- Always bring these findings to the attention of your veterinarian as soon as possible for treatment.
Trimming the Nails
Use clippers made specifically for dogs.Human clippers are designed for a flat surface area, but dog nails are cupped. Using human clippers can squish the nail, causing pain or injury. There are a few different types of dog nail trimmers, the most common being either the guillotine (U shaped) or the scissors type. Which type to use is generally a matter of preference for the user.
- The "scissors" might be easier to use, as you don't need to thread the nail through the cutting surface as with the guillotine.
Locate the quick.The quick is the part of the nail rich in blood supply and nerves. Cutting into it can be quite painful for the dog, and cause bleeding. Ideally, you should trim the nail back to within 2-4 millimeters of the quick.
- If your dog has white nails, you should be able to see the pink-colored quick through the nail.
- If your dog has dark nails you won't be able to see the quick. Carefully trim the nails back a little at a time to avoid cutting into it. You might have a groomer or vet show you how far to trim the nails.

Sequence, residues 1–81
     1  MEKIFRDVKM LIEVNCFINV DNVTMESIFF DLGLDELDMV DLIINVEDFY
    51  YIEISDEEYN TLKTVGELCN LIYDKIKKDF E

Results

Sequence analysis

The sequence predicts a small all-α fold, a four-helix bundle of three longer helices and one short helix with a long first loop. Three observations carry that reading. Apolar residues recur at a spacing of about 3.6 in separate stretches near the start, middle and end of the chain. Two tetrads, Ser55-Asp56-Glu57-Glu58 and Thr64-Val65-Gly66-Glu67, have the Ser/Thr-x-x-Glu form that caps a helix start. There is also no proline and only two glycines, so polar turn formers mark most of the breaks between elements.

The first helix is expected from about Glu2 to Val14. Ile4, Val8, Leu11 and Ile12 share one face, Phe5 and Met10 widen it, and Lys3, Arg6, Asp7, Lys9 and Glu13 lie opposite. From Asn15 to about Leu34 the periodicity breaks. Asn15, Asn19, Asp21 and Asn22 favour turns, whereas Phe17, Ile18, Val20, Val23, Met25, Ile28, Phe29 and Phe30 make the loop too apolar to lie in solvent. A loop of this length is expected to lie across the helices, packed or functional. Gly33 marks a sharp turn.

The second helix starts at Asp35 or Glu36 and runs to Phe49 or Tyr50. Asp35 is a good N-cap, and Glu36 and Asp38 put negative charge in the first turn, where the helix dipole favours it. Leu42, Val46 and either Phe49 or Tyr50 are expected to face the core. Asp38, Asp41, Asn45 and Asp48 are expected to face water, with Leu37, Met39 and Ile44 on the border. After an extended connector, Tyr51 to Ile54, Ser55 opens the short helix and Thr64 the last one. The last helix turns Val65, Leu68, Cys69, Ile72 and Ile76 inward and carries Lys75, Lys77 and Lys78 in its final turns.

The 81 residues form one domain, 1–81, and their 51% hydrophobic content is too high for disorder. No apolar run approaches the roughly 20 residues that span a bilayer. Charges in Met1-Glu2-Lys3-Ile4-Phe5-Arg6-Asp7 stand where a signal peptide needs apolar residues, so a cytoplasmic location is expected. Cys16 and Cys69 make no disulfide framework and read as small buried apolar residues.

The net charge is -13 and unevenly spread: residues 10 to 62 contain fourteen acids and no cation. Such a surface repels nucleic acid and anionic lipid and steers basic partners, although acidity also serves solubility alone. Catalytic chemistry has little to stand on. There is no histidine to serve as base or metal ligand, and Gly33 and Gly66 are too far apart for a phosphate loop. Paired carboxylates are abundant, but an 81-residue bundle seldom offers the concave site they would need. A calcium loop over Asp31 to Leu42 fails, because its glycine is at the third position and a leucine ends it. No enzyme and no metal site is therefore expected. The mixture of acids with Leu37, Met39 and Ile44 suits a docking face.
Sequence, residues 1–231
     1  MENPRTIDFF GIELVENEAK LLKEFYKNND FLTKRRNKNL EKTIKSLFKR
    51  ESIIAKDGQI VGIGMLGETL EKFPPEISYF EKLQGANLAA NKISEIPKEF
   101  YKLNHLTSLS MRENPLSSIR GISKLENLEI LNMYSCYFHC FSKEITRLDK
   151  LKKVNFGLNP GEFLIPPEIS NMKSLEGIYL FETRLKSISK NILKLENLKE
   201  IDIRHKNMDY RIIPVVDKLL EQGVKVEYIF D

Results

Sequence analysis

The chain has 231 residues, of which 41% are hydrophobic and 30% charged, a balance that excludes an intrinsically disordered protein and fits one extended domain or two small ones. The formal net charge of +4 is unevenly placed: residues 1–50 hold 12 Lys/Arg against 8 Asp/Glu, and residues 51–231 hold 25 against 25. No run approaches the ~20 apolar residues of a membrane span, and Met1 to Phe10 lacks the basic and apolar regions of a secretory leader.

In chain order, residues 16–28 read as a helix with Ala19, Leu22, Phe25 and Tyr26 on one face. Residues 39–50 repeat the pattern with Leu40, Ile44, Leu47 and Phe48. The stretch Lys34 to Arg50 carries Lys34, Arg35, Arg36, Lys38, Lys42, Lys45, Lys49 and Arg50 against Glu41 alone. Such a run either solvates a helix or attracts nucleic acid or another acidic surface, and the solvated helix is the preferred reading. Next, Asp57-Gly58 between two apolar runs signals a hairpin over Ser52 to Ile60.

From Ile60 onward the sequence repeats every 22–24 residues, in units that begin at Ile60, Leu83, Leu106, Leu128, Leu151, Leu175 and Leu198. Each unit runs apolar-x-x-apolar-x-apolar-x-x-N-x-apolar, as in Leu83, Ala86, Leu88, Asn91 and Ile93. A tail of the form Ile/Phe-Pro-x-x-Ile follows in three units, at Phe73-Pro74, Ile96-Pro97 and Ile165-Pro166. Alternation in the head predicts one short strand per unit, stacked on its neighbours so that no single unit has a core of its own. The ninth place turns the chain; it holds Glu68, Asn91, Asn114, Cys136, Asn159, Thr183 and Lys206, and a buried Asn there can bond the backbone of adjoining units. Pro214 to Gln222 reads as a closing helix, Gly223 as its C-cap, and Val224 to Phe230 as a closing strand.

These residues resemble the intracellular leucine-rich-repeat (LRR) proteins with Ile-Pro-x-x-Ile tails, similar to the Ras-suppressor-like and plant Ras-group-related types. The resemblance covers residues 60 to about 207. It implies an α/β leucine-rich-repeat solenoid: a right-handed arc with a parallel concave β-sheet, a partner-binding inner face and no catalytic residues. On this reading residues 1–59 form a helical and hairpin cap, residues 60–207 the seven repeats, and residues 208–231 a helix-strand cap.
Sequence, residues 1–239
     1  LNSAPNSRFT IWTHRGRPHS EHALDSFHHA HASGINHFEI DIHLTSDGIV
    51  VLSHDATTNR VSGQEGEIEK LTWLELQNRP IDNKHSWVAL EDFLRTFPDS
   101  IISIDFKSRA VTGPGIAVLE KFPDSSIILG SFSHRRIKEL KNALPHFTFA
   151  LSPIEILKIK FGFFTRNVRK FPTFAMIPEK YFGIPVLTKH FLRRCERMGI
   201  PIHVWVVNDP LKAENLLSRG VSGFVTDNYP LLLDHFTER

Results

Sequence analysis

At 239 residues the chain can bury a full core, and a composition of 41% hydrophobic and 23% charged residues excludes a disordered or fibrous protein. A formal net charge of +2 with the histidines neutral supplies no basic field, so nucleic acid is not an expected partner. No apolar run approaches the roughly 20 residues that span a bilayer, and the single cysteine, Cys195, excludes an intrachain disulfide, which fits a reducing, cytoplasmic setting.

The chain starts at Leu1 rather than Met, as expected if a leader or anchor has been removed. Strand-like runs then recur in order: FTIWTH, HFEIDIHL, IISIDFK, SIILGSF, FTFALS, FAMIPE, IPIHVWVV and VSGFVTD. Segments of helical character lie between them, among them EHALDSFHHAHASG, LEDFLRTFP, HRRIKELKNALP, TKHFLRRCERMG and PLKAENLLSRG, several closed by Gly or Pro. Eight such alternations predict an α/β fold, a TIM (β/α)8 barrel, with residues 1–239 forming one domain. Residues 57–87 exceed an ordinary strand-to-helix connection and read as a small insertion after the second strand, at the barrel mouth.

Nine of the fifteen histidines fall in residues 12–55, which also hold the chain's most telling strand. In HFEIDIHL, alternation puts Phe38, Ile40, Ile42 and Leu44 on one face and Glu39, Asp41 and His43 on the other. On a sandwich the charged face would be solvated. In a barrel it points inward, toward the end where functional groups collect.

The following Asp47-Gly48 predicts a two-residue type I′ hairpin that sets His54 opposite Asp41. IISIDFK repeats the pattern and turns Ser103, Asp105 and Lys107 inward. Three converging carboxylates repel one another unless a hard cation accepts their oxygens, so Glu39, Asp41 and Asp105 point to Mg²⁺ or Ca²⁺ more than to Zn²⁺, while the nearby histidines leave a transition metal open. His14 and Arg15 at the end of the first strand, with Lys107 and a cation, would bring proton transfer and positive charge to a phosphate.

- If a dog’s nails grow too long, the quick will grow with it. Frequent trimmings will make the quick recede back to a normal length.
Secure the dog.If the dog's relaxed and used to having its paws and nails handled, just have your dog lie down for its nail trimming. If he gets antsy, restrain him gently in the lying position using the elbow and arm that's holding his paw.
- If you have a very wriggly dog, ask a second person to help you out. Have your friend hold the dog while you're free to focus on the trimming.
Start with the back paws.The nails on the back paws are usually shorter and easier to trim. Dogs also tend to be a bit calmer about having their back paws manipulated than their front paws, so start there, then move on to the front paws.
- Locate or approximate the quick before trimming off the end of the nail.
- Carefully work your way back towards the quick and stop trimming 2-3 millimeters in front of it.
- Don’t forget to trim the dewclaws on dogs that have them. Dewclaws are the nails some dogs have on the inside of the leg, just above the "wrist."
Stop any bleeding if you cut into the quick.A cut quick usually bleeds a lot, and your dog may cry out in pain or nip at you if this happens. If you accidentally cause bleeding, hold a piece of tissue onto the nail for a few minutes. If that doesn't stop bleeding, apply cornstarch or a commercial stop-bleeding powder or pen. Either dip the nail into the powder or apply a large amount using your fingertip.
- If bleeding doesn’t stop after 10 minutes, call your vet.